As we sank back into the plush armchairs and watched the lush green English countryside roll past us, a smartly-dressed steward asked if we would care for a Peach Bellini. I don’t know about you, but personally I never say no to morning bubbles. I started sipping on my Bellini just as we came to a stop next to a South-Western Trains train, and as I nosed into the carriage adjacent to ours, it was striking to see the difference between the two side-by-side.
While we sat on the Belmond British Pullman, in a beautiful wooden railway carriage built in 1925, our bodies cocooned by huge armchairs with a white-clothed table in-front of us, the commuters in the 21st century train were sat on narrow hard chairs shoulder-to-shoulder with strangers. How had train travel evolved into something so hideous, when it began as something so special?
The train trundled through the countryside at a relaxing pace while we continued to sip on Bellini’s and dine on a breakfast of crumpets, scrambled eggs, caviar, and salmon. Pastries were served as well as a generous portion of fruit salad and Greek yoghurt. We were full to bursting and we hadn’t even dined on Raymond Blanc’s 4-course lunch yet!
During the journey you’re able to walk up and down the carriages to see the difference in design with each one. They were all built in different years, and although similar, they each feature unique woodwork and intricate designs. Gwen is without a doubt the most beautiful, with Ibis coming in a close second. Perseus and Cygnus are the newest having been completed in 1951, whilst Ibis is the oldest, being built in 1925.
Lunch at Raymond Blanc’s Two-Michelin Starred Le Manoir
When we disembarked the British Pullman at Oxford station we were escorted to three coaches waiting outside for us for the 20-minute drive to Belmond Le Manoir aux Quat’Saisons, Raymond Blanc’s pride and joy. The next part of the day was a feast for the senses, with a sumptuous four-course lunch at Raymond’s world-renowned two-Michelin starred restaurant.
The hotel and restaurant are housed within a historic and absolutely stunning manor house. The grounds are used as the kitchen gardens, with as many vegetables, herbs, and fruit grown on-site as possible. Raymond even had a shady valley and bridge built in the garden specifically for growing wild mushrooms.
We were seated on large tables with other guests from the train journey, which we welcomed as it was really lovely to meet new people who also share a love for luxury travel and food. Our table didn’t stop talking and laughing the entire time, and we all raved over each course we were presented with.
The meal began with a Cauliflower soup with toasted almonds, curry, and lime, before moving on to Sea trout with cucumber, dill, and horseradish cream. The Sea trout was one of the highlights of the day, and although it’s impossible to choose a favourite as all of the courses were so impressive, the next course was one of the most incredible dishes I’ve ever had the pleasure of eating.
It was a small portion of the most perfect creamy risotto with a subtle hint of truffle, and the wild mushrooms had all of us discussing how on earth it’s even possible to grow mushrooms with that amount of intense flavour. It was one of those memorable dishes that you’re unlikely to forget about in a hurry.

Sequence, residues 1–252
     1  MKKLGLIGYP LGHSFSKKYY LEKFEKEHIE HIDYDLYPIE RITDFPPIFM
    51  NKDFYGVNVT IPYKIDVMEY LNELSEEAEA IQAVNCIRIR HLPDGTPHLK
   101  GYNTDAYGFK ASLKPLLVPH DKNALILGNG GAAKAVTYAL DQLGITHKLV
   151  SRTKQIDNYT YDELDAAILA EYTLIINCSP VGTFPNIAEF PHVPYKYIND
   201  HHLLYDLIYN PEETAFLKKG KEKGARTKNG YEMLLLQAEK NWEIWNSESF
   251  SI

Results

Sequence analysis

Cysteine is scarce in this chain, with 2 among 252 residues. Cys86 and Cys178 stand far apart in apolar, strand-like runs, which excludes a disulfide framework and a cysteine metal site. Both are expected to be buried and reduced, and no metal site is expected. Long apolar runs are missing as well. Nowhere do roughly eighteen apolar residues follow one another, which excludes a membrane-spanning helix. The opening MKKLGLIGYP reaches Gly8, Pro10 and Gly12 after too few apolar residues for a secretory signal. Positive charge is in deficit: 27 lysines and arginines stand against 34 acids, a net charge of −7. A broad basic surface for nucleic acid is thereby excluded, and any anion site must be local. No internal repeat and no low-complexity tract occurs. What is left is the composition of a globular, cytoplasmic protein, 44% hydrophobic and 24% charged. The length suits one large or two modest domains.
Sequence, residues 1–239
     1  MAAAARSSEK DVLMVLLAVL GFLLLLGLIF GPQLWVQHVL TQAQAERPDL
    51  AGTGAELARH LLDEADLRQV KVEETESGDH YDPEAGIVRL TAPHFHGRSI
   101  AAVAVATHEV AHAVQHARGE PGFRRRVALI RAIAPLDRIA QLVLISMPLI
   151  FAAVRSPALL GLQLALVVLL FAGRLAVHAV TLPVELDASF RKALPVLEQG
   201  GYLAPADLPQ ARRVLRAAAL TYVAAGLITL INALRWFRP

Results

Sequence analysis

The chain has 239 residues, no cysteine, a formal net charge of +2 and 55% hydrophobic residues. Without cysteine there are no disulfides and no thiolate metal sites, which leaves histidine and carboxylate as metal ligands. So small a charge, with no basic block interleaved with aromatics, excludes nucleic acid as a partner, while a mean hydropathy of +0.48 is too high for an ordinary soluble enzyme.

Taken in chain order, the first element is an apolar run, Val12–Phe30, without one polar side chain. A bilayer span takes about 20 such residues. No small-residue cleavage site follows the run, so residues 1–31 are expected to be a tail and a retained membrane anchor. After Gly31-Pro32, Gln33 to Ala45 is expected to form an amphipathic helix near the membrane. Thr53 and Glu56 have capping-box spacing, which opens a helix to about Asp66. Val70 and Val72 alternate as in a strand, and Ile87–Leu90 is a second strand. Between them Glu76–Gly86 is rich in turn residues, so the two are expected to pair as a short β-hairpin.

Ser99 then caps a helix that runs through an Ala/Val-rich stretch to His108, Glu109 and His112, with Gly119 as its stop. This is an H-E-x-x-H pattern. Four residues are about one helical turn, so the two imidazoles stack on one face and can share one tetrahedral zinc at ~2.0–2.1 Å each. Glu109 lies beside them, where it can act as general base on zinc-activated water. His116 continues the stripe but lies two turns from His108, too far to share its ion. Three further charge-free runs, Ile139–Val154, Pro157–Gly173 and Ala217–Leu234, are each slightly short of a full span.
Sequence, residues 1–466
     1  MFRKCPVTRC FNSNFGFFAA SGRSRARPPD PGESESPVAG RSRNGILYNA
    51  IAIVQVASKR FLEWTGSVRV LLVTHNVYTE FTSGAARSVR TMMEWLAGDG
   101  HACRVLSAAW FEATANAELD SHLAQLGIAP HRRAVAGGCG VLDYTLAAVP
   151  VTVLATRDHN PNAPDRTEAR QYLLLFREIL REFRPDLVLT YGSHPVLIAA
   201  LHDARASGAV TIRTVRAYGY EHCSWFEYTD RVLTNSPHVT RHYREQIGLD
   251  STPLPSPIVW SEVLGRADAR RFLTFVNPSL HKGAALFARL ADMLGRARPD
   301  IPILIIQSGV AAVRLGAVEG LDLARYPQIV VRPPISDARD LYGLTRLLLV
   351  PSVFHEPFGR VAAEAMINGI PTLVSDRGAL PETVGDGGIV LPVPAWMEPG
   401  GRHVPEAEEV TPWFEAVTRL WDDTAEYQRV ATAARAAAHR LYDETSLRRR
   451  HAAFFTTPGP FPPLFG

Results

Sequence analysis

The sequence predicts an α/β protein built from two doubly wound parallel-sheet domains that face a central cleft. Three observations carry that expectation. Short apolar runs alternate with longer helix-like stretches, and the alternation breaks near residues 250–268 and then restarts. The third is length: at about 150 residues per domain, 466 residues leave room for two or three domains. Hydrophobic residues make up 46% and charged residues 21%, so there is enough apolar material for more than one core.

Finally we feasted on Braised Jacob’s ladder with smokey mash potato and wine essence, which was so tender the chunks of meat fell apart as soon as my knife rested upon its juicy flesh. As the last morsel of beef was consumed, a familiar face entered the restaurant. When booking at Le Manoir it is never guaranteed that Raymond himself will be there, but we got lucky. He walked in wearing his Chef’s whites and after thanking everyone for coming, he happily posed for photos and had a small table outside where he was signing books after the meal.
After petit fours we wandered around the garden. There are helpful maps at the hotel entrance to guide your walk, and if you’re a hotel guest there are tours available with the head gardener. The gardens are surprisingly large, and even feature a Chinese garden area.
The journey back to London Victoria consisted mostly of people napping in a food coma, waking for dessert, before falling asleep again. I don’t blame them however, the armchairs are very comfortable and I joined them for a little while, having a lovely nap after dessert until we arrived back into Victoria! We pulled in to the platform right on time, and disembarked knowing we would never be able to take a normal train again without feeling a little bitter and disappointed.
Our day on the Belmond British Pullman felt like a dream, and despite not being pulled by a steam engine (these are only used on select routes), the day couldn’t have been more perfect. Despite having eaten in numerous Michelin-starred restaurants around the world, the meal at Le Manoir was without a doubt the culinary highlight of my life so far.
The British Pullman day trips are ideal for a special occasion or as a gift, especially for anyone who adores trains, history, food, travel, or luxury. But who wouldn’t want to experience the golden age of train travel? It really is quite remarkable, and not something that should be confined to the movies.
By Catherine Lux